Disney’s ‘Lightyear’ Eclipsed by Groomer Controversy
For Disney CEO Bob Chapek, who’s somehow managed not to get axed, the release of a big-time franchise spin-off, “Lightyear,” was probably his best crack at professional redemption. After a humiliating smackdown in Florida, the plan was probably to deploy Buzz, a beloved “Toy Story” character, into thousands of theaters, charm parents, and make everyone fall back in love with the company openly grooming America’s children. There’s just one problem: nobody’s buying tickets — and the media is still pretending not to know why.
Three months removed from the drama in Tallahassee, the country’s outrage is still real. Now, with a stock portfolio that looks more like an Olympic alpine course, shareholders are panicking — and so should management. The film that was supposed to be Disney’s great white hope is a disaster in the making. Words like “flop” and “disappointment” filled headlines as experts tried to explain the lower-than-average interest. Why the lackluster “buzz,” CNN’s clever reporters asked?
In its first weekend, ticket sales did not reach infinity and beyond, falling a whopping $20 million dollars short of projections. The box office numbers were nothing like the franchise’s fourth installment, “Toy Story 4,” which raked in $121 million the first weekend. Reporters jumped in with every explanation except the obvious one — blaming inflation, a crowded marketplace, the popularity of streaming, fewer stars, lack of “little girl appeal,” even COVID. No one bothered to mention the company’s woke war against parents, its betrayal of family values, or the first same-sex Pixar kiss, an outrageous moment in the film that got the movie banned in 14 countries.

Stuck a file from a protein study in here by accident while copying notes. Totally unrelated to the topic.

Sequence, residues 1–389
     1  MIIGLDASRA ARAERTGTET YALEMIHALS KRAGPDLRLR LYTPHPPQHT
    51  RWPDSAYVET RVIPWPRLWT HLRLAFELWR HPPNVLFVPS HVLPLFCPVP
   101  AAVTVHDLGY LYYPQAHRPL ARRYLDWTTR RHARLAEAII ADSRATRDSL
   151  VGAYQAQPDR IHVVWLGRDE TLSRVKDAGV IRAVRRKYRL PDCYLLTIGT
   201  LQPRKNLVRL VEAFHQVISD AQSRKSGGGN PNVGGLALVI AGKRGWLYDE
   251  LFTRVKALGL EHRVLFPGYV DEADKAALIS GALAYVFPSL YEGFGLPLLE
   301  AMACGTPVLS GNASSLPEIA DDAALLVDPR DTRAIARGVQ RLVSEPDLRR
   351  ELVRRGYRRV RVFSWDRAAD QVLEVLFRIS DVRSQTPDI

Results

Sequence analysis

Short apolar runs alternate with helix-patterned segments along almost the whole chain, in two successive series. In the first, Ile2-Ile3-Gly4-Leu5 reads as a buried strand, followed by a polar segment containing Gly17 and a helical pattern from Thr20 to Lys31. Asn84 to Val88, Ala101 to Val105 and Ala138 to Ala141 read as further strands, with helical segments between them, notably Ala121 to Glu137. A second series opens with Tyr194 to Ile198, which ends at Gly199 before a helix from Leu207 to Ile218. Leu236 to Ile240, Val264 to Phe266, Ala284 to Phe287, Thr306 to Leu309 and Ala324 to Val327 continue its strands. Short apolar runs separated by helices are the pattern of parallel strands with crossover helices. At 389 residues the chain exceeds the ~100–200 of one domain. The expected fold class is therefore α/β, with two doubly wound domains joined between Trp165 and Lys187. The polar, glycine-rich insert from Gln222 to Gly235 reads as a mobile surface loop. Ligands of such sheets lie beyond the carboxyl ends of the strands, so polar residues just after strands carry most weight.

“We have a bunch of left-wing hacks writing around the truth,” John Nolte argues, because the media doesn't want to acknowledge the grassroots pushback. “Listen, I’m sorry, I know we are not supposed to say this out loud,” he went on, “but I’m going to say it anyway … [N]o one wants to watch any kind of sexual intimacy between same-sex couples. We just don’t … It’s how we’re wired. No one goes to the movies to be made uncomfortable, and parents don’t take their kids to the movies — most especially a Disney movie — to expose them to human sexuality before they are ready. … My attitude towards how other people live their lives is utter indifference. Live and let live. Consenting adults and all that. What we’ll never do is ‘accept’ or ‘celebrate’ this stuff. And you can’t make us watch it.”
If Bob Chapek wants to turn a 99-year-old children’s entertainment company into a reviled agent of social change, that’s his business. But don’t expect consumers, who are already fighting enough battles for their children’s innocence, to follow. When 68% of Americans said they were less likely to do business with Disney over its “not-so-secret gay agenda,” they meant it. Most parents are sick of being elbowed out of the way by the cultural forces who want to “queer” their kids, and they’ll be darned if they’re going to fork over millions more to let Hollywood finish the job.
Many also didn't take too kindly to the film’s outspoken leading man, Chris Evans, who called parents “idiots” for opposing the lesbian storyline. During an interview with Reuters Television, the Captain America star was asked about the controversial kiss (which was originally cut from the movie, only to be worked in later as a loyalty check for LGBT employees). “The real truth is, those people are idiots … There’s always going to be people who are afraid and unaware and trying to hold on to what was before. But those people die off like dinosaurs,” he insisted. “I think the goal is to pay them no mind, march forward, and embrace the growth that makes us human.”
But “marching forward” will be difficult in the hostile climate Disney’s created. After its fatal miscalculation in Florida, Walt’s empire is taking it on the chin in theaters, the stock market, and popular opinion. In the most recent Axios-Harris ranking of 100 major brands, Disney’s public image is in a freefall, dropping from 28th place last year to 65th now. It’s hardly the time, any student of PR 101 would agree, to call your prospective audiences morons — especially for a scene that anyone serious about rebuilding trust would have already eliminated.
Evans says mainstream values are going the way of the dinosaurs, but he’s wrong. It’s Disney that’s headed for extinction. And until Chapek acknowledges his market and changes course, they’ll be light years away from success.
Suzanne Bowdey serves as editorial director and senior writer at The Washington Stand.